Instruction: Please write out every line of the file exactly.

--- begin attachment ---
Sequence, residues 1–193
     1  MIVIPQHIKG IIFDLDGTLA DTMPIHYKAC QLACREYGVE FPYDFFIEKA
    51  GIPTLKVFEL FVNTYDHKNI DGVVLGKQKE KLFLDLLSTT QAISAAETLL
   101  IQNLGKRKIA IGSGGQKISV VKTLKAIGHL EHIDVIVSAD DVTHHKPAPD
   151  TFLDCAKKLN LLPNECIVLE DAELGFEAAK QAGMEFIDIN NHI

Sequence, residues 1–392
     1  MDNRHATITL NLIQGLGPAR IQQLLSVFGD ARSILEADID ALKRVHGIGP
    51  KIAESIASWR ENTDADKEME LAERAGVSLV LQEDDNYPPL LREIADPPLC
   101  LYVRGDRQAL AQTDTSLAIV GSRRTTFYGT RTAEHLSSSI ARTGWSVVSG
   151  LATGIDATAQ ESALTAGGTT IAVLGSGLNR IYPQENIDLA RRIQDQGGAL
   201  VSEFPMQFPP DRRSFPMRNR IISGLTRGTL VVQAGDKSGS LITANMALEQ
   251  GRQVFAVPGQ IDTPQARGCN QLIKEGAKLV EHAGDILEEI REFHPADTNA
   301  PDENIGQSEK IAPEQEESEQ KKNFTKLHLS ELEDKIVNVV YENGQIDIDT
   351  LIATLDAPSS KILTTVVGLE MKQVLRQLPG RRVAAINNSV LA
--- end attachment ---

Sequence, residues 1–193
     1  MIVIPQHIKG IIFDLDGTLA DTMPIHYKAC QLACREYGVE FPYDFFIEKA
    51  GIPTLKVFEL FVNTYDHKNI DGVVLGKQKE KLFLDLLSTT QAISAAETLL
   101  IQNLGKRKIA IGSGGQKISV VKTLKAIGHL EHIDVIVSAD DVTHHKPAPD
   151  TFLDCAKKLN LLPNECIVLE DAELGFEAAK QAGMEFIDIN NHI

Sequence, residues 1–392
     1  MDNRHATITL NLIQGLGPAR IQQLLSVFGD ARSILEADID ALKRVHGIGP
    51  KIAESIASWR ENTDADKEME LAERAGVSLV LQEDDNYPPL LREIADPPLC
   101  LYVRGDRQAL AQTDTSLAIV GSRRTTFYGT RTAEHLSSSI ARTGWSVVSG
   151  LATGIDATAQ ESALTAGGTT IAVLGSGLNR IYPQENIDLA RRIQDQGGAL
   201  VSEFPMQFPP DRRSFPMRNR IISGLTRGTL VVQAGDKSGS LITANMALEQ
   251  GRQVFAVPGQ IDTPQARGCN QLIKEGAKLV EHAGDILEEI REFHPADTNA
   301  PDENIGQSEK IAPEQEESEQ KKNFTKLHLS ELEDKIVNVV YENGQIDIDT
   351  LIATLDAPSS KILTTVVGLE MKQVLRQLPG RRVAAINNSV LA